Emanuel Steward had him spar with Thomas Hearns when Hearns was a world champ in his prime at welterweight, and Mayes an inactive undercard fighter, and he said he toyed with Hearns every day, just made him look stupid. Steward said he was the most talented fighter he ever coached outside of De La Hoya (?). But Mayes couldn't let the liqur go, and he ended up dying of cirrhosis at 27.

Does anyone have any footage of Bernard Mays?... as I'd love to see some and I guess he was being filmed as early as his amatuer days (he was at Ohio State Fair invitationals where all the scouts would snoop around....)

I type in his name into the youtube search function every few months along with a half dozen other boxer's names I'd like to see, but as of yet no luck..
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Old 06-09-2014, 10:35 PM   #67
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he was 33 when he died though..
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Old 06-10-2014, 12:01 AM   #68
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he was 33 when he died though..

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Ooops, my mistake.
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Old 06-11-2014, 02:23 PM   #69
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I would bet my life on prime Frazier vs any Young.
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Old 06-11-2014, 07:18 PM   #70
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Good story is Tyson getting knocked out cold in sparring by Oliver Mccall 3 weeks before he fought Spinks. Dundee was there and said it. Later confirmed by McCall in an interview.
go watch tyson spar with mccall on steve lotts channel on youtube...
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Old 06-13-2014, 12:02 PM   #71
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Default Re: Sparring Stories

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Originally Posted by slender4 View Post
The best fighter ever to come from Kronk was a guy named Bernard "Superbad" Mayes, in the early eightes, he was maybe the best amateur in America, and beat the hell out of the rest of the Detroit guys (Hilmer Kenty, Duane Thomas, Jimmy Paul, Milton McCrory) on the amateur circuit.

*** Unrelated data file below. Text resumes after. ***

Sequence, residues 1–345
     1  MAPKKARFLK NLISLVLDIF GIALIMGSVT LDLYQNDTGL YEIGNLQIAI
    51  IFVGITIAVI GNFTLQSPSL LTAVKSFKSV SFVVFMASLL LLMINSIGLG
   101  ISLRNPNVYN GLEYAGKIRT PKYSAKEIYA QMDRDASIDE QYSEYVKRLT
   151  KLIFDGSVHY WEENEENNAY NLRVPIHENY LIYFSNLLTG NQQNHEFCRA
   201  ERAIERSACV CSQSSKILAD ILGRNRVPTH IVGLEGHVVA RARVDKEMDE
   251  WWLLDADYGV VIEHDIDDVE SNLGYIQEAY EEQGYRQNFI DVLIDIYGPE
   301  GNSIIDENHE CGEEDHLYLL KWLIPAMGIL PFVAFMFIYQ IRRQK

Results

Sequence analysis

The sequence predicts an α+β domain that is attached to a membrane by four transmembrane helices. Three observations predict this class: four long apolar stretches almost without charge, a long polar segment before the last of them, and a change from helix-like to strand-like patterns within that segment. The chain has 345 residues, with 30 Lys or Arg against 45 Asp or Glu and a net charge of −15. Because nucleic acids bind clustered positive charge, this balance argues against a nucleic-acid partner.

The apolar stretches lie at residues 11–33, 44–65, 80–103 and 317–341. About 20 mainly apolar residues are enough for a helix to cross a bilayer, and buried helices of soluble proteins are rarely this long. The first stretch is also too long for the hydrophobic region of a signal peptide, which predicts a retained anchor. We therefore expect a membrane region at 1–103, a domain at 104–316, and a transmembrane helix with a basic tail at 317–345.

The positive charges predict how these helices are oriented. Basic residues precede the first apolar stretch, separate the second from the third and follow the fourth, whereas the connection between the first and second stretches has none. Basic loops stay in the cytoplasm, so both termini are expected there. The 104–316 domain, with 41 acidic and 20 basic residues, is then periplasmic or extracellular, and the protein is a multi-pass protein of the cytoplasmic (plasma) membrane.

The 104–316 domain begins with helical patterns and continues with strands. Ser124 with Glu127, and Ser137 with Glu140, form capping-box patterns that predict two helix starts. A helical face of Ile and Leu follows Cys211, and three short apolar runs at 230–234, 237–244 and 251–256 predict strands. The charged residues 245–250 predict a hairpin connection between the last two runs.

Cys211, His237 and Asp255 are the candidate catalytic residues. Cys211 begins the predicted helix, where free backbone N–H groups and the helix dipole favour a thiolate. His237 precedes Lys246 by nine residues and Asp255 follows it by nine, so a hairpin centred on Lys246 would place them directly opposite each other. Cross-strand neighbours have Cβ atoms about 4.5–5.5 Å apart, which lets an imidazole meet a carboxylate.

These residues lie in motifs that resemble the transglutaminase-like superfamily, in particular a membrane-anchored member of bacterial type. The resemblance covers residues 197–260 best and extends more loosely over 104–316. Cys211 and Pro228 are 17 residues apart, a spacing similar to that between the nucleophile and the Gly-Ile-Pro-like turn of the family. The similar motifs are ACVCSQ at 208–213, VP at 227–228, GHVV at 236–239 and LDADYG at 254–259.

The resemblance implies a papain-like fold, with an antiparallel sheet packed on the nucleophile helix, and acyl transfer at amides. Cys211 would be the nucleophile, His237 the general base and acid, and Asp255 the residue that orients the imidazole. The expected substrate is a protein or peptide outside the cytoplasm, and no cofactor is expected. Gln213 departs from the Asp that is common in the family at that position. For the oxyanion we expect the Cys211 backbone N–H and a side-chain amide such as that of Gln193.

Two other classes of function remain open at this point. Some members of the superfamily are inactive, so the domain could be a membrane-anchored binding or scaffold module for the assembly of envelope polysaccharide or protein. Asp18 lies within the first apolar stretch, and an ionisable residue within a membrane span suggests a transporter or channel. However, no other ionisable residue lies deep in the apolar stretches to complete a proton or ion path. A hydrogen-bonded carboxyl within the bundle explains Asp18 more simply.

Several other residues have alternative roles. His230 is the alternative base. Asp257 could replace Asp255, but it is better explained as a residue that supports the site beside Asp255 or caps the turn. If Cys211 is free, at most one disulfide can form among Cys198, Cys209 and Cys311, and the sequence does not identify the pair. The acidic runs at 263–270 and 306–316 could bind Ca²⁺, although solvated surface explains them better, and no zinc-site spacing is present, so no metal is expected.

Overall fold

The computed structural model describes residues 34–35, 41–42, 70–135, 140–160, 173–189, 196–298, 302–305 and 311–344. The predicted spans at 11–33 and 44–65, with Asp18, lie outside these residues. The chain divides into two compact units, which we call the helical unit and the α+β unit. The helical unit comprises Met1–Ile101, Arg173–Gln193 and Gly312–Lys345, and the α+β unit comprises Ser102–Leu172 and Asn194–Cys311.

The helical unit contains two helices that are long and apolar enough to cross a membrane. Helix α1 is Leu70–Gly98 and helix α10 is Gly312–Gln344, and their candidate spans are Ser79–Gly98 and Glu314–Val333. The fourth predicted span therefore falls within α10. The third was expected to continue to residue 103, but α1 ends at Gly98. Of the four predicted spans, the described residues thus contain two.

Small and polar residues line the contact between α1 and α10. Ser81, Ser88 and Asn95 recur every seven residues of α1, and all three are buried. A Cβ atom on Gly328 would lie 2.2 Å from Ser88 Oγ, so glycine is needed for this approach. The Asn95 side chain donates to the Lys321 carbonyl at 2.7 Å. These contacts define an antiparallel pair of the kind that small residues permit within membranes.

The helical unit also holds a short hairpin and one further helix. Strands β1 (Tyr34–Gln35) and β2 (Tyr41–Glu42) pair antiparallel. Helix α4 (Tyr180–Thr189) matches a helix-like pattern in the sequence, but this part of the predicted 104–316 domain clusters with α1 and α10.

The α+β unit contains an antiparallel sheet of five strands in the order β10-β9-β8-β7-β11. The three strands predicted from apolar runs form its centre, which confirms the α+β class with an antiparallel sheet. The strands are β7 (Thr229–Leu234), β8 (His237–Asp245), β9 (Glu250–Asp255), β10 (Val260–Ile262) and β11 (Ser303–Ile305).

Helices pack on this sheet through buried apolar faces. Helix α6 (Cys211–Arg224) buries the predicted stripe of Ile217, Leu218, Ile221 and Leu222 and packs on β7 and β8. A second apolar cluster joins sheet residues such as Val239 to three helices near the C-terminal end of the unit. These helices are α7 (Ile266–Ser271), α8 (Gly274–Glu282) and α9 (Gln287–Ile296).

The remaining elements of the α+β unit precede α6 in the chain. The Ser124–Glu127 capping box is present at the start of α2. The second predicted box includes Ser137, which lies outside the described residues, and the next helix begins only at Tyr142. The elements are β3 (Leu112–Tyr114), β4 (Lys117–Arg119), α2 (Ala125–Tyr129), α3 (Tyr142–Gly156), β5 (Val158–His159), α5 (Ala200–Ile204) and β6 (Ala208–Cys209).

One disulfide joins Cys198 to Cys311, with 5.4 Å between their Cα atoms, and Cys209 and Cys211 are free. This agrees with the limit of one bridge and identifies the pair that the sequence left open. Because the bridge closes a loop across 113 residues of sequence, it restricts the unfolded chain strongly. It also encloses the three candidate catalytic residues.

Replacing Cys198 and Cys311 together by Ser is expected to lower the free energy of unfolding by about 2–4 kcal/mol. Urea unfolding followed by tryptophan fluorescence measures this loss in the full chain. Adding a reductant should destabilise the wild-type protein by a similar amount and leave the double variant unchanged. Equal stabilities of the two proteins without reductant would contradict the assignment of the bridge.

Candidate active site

Emanuel Steward had him spar with Thomas Hearns when Hearns was a world champ in his prime at welterweight, and Mayes an inactive undercard fighter, and he said he toyed with Hearns every day, just made him look stupid. Steward said he was the most talented fighter he ever coached outside of De La Hoya (?). But Mayes couldn't let the liqur go, and he ended up dying of cirrhosis at 27.
Alex Ramos talked about sparring with him and James Shuler, and said that both guys were tough spars.Can't see him fighting Kenty, since Mays was about 14, 15 when Hilmer was a top amatuer.
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Old 06-13-2014, 03:11 PM   #72
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Default Re: Sparring Stories

hard to believe that muhammad ali sparred as late as january of 1986. found this report from 1986 by chance and it says he actually did.
however, the last paragraph reveals that it looks like it was no real sparring, but rather a favor his former sparring partners did him. nevertheless it was fun to read.
Quote:
Originally Posted by philly.com
Shuffles Back Into Ring Ex-champ, Near Age 44, Testing Time By Sparring With Tubbs, Witherspoon

By Elmer Smith, Daily News Sports Writer
POSTED: January 15, 1986




ATLANTA Muhammad Ali's fists and feet picked up speed when Jimmy Ellis called ''time" on the former champion's eighth and final round of sparring.
Ali heard him and knew his time was up. But he needed to end this sparring session, his seventh in as many days, with his own personal punctuation point.
So he advanced on Tony Tubbs, the World Boxing Association heavyweight champion, behind a flicking jab as the crowd began to chant "Ali, Ali." And he threw a three-punch combination.


Then, he brought the cheering to a crescendo with a slow-motion version of the old Ali shuffle and walked away.
The End.